This resource brief provides current, high-quality resources about cost effectiveness analysis and cost-benefit analysis in maternal and child health. These two economic evaluation techniques are used to examine the costs of interventions relative to the benefits that they produce, either the costs and consequences of competing interventions for a given client group within a given budget or the costs of a policy or program over time compared to improvements in health expressed in monetary (dollar) terms (see glossary).
In addition, the brief provides links to discussions of effective programs and evidence-based practices that achieve health and wellness goals but that are not analyzed in terms of costs for the benefits achieved.
The brief is intended to help policy makers and program administrators make decisions about funding services and programs in maternal and child health.
Association of State and Territorial Health
Officials: Making the Case for MCH Programs
Resources exploring cost-based or economic-based analyses of programs and policies, including a glossary, annotated bibliography of peer-reviewed studies, and examples from states that have conducted cost analyses of programs.
Institute Researcher Toolkit: Cost-Benefit
Definition of cost-benefit analysis, with examples.
Washington State Department of Health, Genetic Services Policy Project: The role of cost-effectiveness analysis in decision making about genetic services. 2008.
Definitions of cost benefit analysis and cost effectiveness analysis, overview of their strengths and weaknesses.
Agency for Healthcare Research and Quality (AHRQ): Evidence-Based Practice Centers
Evidence reports and technology assessments on topics relevant to clinical, social science/behavioral, economic, and other health care organization and delivery issues.
Child Care and Early Education Research Connections
Scholarly research, policy briefs, government reports, data and instruments from a wide range of disciplines and U.S. and international sources, including multiple federal agencies. Search the research collection using terms such as “cost effective” or “cost benefit.”
Child Welfare Information Gateway: Making an Economic Case
Resources on cost-of-injury analysis, cost-benefit analysis, cost-effectiveness analysis, and calculating program costs.
National Business Group on Health (NBGH)
Employer toolkits and other resources that explain the business case for addressing health conditions in employees and their families and that provide evidence-informed model benefit plans to address these concerns. In particular, see Investing in Maternal and Child Health: An Employer's Toolkit.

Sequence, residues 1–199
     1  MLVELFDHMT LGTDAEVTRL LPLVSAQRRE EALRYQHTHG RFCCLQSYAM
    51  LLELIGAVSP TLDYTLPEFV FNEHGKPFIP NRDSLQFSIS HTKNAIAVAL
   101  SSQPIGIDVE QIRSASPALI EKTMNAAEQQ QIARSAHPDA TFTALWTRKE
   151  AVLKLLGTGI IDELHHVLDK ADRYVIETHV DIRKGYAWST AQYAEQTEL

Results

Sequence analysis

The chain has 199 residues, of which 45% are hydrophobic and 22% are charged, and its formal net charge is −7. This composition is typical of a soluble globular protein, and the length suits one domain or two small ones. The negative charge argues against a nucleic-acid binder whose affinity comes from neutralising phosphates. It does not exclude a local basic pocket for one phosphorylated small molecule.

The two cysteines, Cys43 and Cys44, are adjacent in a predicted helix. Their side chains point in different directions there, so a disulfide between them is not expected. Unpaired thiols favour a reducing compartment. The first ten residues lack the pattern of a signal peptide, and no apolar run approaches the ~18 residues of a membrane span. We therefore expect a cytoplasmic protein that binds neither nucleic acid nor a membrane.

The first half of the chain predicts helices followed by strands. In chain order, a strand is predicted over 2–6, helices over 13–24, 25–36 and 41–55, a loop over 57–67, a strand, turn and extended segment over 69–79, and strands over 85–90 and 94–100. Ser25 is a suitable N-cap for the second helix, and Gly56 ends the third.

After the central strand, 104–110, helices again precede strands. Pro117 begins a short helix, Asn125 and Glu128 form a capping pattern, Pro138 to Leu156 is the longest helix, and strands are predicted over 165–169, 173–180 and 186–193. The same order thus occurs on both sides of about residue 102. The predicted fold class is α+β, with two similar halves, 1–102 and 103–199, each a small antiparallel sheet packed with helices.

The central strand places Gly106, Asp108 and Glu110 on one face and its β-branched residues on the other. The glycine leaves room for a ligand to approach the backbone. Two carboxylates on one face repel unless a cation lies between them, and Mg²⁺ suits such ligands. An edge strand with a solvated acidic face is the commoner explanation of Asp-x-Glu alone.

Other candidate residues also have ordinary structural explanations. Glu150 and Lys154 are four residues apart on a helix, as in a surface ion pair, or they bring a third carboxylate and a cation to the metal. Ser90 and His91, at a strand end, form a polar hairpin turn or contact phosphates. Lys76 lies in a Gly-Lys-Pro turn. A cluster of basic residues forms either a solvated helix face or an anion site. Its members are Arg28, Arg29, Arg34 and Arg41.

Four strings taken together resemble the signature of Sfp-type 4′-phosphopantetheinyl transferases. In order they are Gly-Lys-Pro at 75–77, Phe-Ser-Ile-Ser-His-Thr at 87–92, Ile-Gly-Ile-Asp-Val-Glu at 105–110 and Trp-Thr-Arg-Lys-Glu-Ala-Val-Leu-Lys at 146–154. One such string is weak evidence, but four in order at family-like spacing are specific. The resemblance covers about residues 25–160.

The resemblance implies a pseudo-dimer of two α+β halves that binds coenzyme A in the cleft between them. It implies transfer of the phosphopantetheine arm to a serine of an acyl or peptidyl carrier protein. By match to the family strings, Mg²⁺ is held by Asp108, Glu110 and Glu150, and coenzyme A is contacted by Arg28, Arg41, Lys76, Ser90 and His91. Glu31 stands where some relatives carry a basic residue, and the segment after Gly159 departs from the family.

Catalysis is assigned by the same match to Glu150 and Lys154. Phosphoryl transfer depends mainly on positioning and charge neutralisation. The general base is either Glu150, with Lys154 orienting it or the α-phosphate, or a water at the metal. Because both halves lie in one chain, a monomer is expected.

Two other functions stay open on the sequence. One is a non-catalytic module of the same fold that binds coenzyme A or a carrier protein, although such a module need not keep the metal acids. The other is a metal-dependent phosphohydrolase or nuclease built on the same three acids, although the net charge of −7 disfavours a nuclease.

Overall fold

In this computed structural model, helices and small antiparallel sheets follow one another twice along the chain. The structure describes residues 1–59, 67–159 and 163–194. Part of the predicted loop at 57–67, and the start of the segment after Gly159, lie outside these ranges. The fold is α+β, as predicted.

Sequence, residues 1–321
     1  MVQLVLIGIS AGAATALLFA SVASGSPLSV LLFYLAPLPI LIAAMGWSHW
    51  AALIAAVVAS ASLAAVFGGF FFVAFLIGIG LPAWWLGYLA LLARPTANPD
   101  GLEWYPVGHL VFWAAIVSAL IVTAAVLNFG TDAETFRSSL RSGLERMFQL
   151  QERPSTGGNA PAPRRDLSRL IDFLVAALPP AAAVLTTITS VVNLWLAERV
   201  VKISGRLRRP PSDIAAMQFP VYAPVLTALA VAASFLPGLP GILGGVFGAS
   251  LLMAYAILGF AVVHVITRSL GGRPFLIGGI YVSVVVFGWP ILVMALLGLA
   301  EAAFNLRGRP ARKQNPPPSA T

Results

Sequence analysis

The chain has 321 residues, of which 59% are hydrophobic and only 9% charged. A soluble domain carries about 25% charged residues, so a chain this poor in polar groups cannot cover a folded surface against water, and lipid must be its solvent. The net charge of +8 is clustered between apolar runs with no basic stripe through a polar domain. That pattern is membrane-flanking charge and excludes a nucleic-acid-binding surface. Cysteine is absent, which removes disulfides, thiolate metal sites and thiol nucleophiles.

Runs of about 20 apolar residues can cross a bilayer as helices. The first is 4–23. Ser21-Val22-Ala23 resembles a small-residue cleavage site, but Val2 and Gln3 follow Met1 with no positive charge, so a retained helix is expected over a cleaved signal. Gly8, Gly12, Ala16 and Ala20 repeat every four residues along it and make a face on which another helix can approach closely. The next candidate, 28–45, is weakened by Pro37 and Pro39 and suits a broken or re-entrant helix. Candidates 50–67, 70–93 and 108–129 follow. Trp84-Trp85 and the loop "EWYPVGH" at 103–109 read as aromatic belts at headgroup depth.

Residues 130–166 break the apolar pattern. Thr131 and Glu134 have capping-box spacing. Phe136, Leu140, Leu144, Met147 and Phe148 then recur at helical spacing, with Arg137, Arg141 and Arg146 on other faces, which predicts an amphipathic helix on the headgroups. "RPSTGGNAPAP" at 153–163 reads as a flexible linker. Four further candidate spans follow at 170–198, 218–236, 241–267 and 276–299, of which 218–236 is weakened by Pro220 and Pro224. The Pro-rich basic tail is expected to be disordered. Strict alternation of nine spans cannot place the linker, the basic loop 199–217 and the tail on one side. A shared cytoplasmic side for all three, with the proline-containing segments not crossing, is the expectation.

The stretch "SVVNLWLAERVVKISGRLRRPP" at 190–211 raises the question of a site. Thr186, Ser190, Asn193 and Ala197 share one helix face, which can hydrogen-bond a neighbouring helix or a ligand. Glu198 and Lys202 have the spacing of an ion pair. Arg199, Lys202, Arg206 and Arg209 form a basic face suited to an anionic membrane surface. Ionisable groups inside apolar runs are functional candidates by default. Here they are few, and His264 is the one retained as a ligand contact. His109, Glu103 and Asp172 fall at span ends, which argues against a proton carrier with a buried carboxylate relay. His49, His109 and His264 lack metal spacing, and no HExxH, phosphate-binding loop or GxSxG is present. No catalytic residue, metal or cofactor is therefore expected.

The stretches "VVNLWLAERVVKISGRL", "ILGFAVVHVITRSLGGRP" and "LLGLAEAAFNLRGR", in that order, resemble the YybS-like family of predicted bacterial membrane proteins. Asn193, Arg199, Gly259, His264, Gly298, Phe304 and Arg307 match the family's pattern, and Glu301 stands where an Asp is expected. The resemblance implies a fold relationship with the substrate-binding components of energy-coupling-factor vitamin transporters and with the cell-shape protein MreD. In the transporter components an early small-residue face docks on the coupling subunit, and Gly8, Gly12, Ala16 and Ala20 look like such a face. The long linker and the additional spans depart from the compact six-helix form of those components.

National Information Center on Health Services
Research and Health Care Technology (NICHSR)
Information and training including online courses such as Health Economics Information Resources: A Self-Study Course, which guides users in the identification, retrieval, and assessment of high quality health economic evaluation studies and related publications. Its HSR Information Central provides links to literature, data sources, legislation, and other tools, and training activities.
National Institute for Health Research: Centre for Reviews and Dissemination (England)
Databases of systematic reviews, economic evaluations, and health technology assessments on the effectiveness and cost-effectiveness of health care interventions world-wide.
for America’s Economic Success
Research on the economic benefits of investments in young children and the policy changes needed to fund services commensurate with their economic value and mobilization efforts to involve the business community. The partnership is managed by Pew Charitable Trusts.
Over 18 million citations and abstracts from MEDLINE and other life science journals for biomedical articles indexed by the National Library of Medicine back to the 1950s, with links to full text of articles when available.
Search tips: Enter the phrase “Cost-benefit analysis” in the search box. Click Limits, and choose the box for English (or other desired language). Then click Search. Or use broader term “costs and cost analysis.”
To narrow your search, add terms such as “child health services” or “maternal health services.” Also limit the search by date (using Advanced Search) to retrieve only more recent items.
Trust for America's Health
Reports, advocacy materials, and state data on major health issues such as child health, obesity, food safety, health disparities and others. Many resources discuss cost effectiveness.
These bibliographies are drawn from MCHLine®, the online library catalog of the Maternal and Child Health Library. They focus on recent publications from government agencies and national organizations such as reports, policy analyses, issue briefs, guidelines, training materials, and selected consumer information. The organizations list focuses on government agencies and national organizations that work on a broad range of maternal and child health issues and that provide information to the public.
For more information on this topic, use the MCH Library Advanced Search using the term Cost effectiveness.
Authors: Olivia K. Pickett, M.A.,
M.L.S., MCH Library